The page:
Overview

The tropical foothills of the eastern Andes together with the lowlands of the Amazon basin boast some of the most impressive biodiversity worldwide. Bird wise, the area is arguably the most species-rich in the world. The Wildsumaco Wildlife Sanctuary bird list alone surpasses 500 species while the number of bird species recorded at Sani Lodge is approaching 600! The tour will focus on finding as many species and local specialties as possible by visiting multiple habitats within the Amazonian basin. Although the list of possible targets is immense here, a couple iconic species that we will target include; Hoatzin, Zigzag, Capped and Agami Herons, Grey-winged Trumpeter, Sungrebe, Scarlet, Blue-and-yellow, Chestnut-fronted and Red-bellied Macaws, Gould’s Jewelfront, Wire-crested Thorntail, Great and Long-tailed Potoo, White-throated, Black-mandibled and Channel-billed Toucans, Many-banded and Ivory-billed Aracaris, American Pygmy and Green-and-rufous Kingfishers, Gilded and Scarlet-crowned Barbets, Crimson-crested Woodpecker, Coppery-chested Jacamar, Rusty-belted Tapaculo, Long-billed Woodcreeper, Cinnamon Attila, Screaming Piha, Golden-headed and Orange-crowned Manakins, Bare-necked Fruitcrow and dozens of antbird species!

2023 Tour price is an estimate and will change. Tour dates could be adjusted.

Tour Facts Top Birds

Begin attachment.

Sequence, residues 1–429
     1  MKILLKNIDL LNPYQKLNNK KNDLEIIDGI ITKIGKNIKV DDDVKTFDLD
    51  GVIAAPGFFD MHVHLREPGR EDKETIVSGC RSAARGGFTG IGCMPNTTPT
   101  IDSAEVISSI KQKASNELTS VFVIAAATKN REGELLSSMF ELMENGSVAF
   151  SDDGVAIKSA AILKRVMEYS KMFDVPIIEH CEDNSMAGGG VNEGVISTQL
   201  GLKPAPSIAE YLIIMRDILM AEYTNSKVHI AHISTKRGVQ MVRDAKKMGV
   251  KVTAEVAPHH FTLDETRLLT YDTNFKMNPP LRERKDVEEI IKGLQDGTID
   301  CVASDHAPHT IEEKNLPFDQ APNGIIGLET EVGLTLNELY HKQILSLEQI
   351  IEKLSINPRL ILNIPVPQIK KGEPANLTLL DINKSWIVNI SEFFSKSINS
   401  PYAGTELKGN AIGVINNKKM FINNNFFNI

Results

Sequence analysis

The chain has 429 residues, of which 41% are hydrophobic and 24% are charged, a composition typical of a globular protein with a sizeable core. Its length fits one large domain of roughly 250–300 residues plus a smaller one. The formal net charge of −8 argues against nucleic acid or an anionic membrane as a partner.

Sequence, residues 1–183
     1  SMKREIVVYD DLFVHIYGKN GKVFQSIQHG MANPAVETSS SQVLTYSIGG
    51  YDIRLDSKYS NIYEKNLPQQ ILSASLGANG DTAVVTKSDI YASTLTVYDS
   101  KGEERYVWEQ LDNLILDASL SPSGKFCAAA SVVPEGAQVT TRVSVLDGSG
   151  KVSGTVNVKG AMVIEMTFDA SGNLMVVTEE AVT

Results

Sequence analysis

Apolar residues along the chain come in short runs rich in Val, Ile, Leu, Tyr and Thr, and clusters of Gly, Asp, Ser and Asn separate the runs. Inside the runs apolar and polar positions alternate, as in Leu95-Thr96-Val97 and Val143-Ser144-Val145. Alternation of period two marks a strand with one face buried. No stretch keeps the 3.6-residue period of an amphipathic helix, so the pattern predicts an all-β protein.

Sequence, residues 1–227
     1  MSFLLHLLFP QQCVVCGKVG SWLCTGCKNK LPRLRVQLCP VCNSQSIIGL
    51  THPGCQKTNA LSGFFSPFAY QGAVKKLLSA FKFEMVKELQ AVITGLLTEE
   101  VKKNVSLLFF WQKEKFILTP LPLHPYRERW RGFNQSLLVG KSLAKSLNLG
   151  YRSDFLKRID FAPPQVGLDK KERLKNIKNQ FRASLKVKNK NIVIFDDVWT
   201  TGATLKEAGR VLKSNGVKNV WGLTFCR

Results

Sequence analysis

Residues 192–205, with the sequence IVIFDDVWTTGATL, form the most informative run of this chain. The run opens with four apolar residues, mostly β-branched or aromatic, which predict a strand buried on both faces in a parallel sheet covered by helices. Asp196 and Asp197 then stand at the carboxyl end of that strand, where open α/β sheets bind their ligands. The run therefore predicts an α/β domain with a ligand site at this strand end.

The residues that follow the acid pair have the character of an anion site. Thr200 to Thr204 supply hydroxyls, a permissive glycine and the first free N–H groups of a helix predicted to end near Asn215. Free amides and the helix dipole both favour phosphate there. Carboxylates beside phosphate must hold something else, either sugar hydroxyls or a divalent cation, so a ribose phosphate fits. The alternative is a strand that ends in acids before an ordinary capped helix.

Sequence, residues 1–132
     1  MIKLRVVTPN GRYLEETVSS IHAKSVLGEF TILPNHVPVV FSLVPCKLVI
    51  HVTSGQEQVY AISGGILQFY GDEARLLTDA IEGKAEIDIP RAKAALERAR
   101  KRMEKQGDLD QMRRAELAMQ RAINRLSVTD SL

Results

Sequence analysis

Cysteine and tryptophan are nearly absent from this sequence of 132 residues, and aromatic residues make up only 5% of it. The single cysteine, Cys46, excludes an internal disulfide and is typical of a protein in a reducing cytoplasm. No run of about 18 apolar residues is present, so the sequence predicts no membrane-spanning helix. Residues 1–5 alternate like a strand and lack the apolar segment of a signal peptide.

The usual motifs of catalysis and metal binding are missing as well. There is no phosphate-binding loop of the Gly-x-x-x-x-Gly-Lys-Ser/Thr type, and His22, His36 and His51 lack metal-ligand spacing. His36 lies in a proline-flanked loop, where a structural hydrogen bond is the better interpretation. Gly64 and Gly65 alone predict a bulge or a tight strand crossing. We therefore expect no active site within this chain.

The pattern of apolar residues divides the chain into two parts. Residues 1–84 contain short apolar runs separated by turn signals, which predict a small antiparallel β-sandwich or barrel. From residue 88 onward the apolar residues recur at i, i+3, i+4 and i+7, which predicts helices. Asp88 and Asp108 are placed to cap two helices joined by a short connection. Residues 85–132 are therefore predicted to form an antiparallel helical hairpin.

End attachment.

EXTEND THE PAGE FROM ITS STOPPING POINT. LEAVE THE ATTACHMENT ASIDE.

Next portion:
Cinereous, Undulated, Variegated Tinamou, Blue-throated Piping Guan, Speckled Chachalaca, Marbled Wood Quail, Anhinga, Rufescent Tiger Heron, Agami, Boat-billed, Capped and Zigzag Heron, Greater Yellow-headed Vulture, King Vulture, Slender-billed Kite, Slate-colored and White Hawk, Harpy and Crested Eagle (both very rare), Black and Ornate Hawk-Eagle, Red-throated, Black and Yellow-headed Caracara, Grey-winged Trumpeter, Grey-necked Wood Rail, Chestnut-headed, Black-banded and Grey-breasted Crake, Sungrebe, Yellow-billed Tern, Blue-and-yellow, Scarlet, Chestnut-fronted and Red-bellied Macaw, Dusky-headed and Cobalt-winged Parakeet, Scarlet-shouldered Parrotlet, Black-headed, Orange-cheeked  and Blue-headed Parrot, Yellow-crowned, Orange-winged and Southern Mealy Amazon, Hoatzin, Black-bellied Cuckoo, Greater Ani, Tawny-bellied Screech Owl, Black-banded Owl, Ferruginous Pygmy Owl,  Great and Long-tailed Potoo, Fiery Topaz (rare), Ecuadorian Piedtail, Peruvian Racket-tail, White-tailed Hillstar, Black-throated Brilliant, Gould's Jewelfront, Gorgeted Woodstar, Olive-spotted Hummingbird, Black-tailed, Green-backed and Amazonian Trogon, Green-and-rufous and American Pygmy Kingfisher, Amazonian Motmot, White-eared, Yellow-billed, White-chinned, Coppery-chested and Great Jacamar, White-necked, Chestnut-capped and Collared Puffbird, Lanceolated Monklet, Brown Nunlet, Black-fronted, White-fronted and Yellow-billed Nunbird, Scarlet-crowned, Gilded and Lemon-throated Barbet, Black-mandibled, White-throated and Channel-billed Toucan, Golden-collared Toucanet, Lettered, Chestnut-eared, Many-banded  and Ivory-billed Aracari, Lafresnaye's Piculet, White-throated, Golden-green, Spot-breasted, Scale-breasted, Chestnut, Cream-colored, Rufous-headed, Ringed and Crimson-crested Woodpecker, Barred, Lined, Mouse-colored, Castelnau's, Russet, Dusky-throated and Cinereous Antshrike, Yasuni, Ornate, Rufous-tailed, Pygmy, Moustached, Plain-throated, Dugand's  and Yellow-breasted Antwren, White-backed Fire-eye, White-browed, Black-faced, Black-and-white, Silvered, Plumbeous, Sooty, White-plumed, Lunulated, Spot-backed, Dot-backed and Scale-backed Antbird, Black-spotted and Reddish-winged Bare-eye, Ash-throated and Chestnut-crowned Gnateater, Plain-backed, Ochre-striped  and Thrush-like Antpitta, Rusty-belted and White-crowned Tapaculo, Rufous-capped, Short-tailed and Striated Antthrush, Black-tailed Leaftosser, Lesser Hornero, White-bellied and Parker's Spinetail, Orange-fronted Plushcrown, Point-tailed Palmcreeper, Chestnut-winged Hookbill, Cinnamon-rumped Foliage-gleaner, Long-billed, Cinnamon-throated, Amazonian Barred and Black-banded Woodcreeper, Ringed Antpipit, Lesser Wagtail-Tyrant, Slender-footed and Ecuadorian Tyrannulet, Double-banded Pygmy Tyrant, White-eyed Tody-Tyrant, Golden-winged Tody-Flycatcher, Brownish Twistwing, Orange-eyed Flycatcher, Drab Water Tyrant, Citron-bellied Attila, Amazonian Umbrellabird, Plum-throated and Spangled Cotinga, Screaming Piha, Bare-necked Fruitcrow, Dwarf Tyrant-Manakin, Blue-rumped, White-bearded, Blue-backed, Wire-tailed and Golden-headed Manakin, Wing-barred Piprites, Violaceous Jay, Coraya Wren, Black-capped Donacobius, Red-capped Cardinal, Flame-crested, Yellow-bellied, Paradise, Opal-rumped and Opal-crowned Tanager, Golden-collared Honeycreeper, Olive Oropendola.